Jean Dubuffet is perhaps the one new painter of real importance to have appeared on the scene in Paris in the last decade. Though himself an erudite and sophisticated artist, he professes to despise cultivation, tradition, professional skill — all that which makes art “fine” — and to see genuine value only in the rawest forms of pictorial representation: graffiti, scrawlings on walls and sidewalks by untrained or impatient hands, the drawings of very young or untalented children, mudpies; “art brut,” “raw” art, art in its first and most rudimentary and least conscious stages. This is not at all the same thing as what is called “primitive” or naive art (Rousseau le Douanier, Alfred Wallis, Bombois, Vivin, Kane, Pickett, Bauchant, et al.), which is a relatively recent phenomenon and is in almost every case the result more or less of an untutored or visually innocent or only half-talented person’s attempt to approximate traditional easel painting. The “primitives” do not appear in force until the popular diffusion of museum art is made possible by reproductions and journeyman copies. Art brut, however, does not depend on history or culture as much as that. It is found essentially the same in all times and places, wherever anyone without training, interest, or artistic aspirations tries to communicate something graphically.
Jean Dubuffet, Grand Maitre of the Outsider, 1947 [image from WikiPaintings]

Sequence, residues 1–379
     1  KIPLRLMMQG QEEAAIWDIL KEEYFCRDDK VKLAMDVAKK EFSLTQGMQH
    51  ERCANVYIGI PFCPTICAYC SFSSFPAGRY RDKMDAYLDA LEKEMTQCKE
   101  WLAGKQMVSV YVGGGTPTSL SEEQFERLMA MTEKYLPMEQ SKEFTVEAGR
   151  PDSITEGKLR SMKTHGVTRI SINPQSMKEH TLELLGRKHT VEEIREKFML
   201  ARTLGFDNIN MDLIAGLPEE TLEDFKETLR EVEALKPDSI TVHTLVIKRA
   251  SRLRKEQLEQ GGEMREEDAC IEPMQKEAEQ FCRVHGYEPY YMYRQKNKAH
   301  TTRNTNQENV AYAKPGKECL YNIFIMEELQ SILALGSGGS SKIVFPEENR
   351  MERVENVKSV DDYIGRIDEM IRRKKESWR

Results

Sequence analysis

Dubuffet discovered art brut at a time when many advanced writers in France were beginning to question the premises of literature itself as a cultivated discipline and some among them were attempting — as they still are — to bring the novel and short story closer to actual contemporary experience by stripping the narrative of its acquired conventions and modelling their prose on colloquial, popular usage, as Hemingway has done. Like these writers, Dubuffet is reacting against a tradition so rich, mature, and recent that it still dominates the scene of its triumphs. Even though it is no longer adequately relevant to contemporary experience, the splendor and abundance of its achievements seem to threaten the originality of those who wish to make a fresh response to a fresh reality. In the face of such a situation, one is apt to decide that nothing less in principle than a radical rejection of the past will be enough to win the artist or writer his freedom. But a rejection of this sort is impossible in practice, however much it may be proclaimed in theory. It is not only that one cannot deliberately discard habits of culture instilled since childhood. Even if one could, the supposedly greater immediacy of the work of art or literature would be bought at the price of an even greater aesthetic impoverishment. New experience demands increased, not lessened, consciousness, and the anti-artistic artist or anti-literary writer can succeed only by transcending or suppressing the past, never by rejecting it. If he does so, he does so falsely, and the result is false. What, after all, is more false than the deliberately primitive?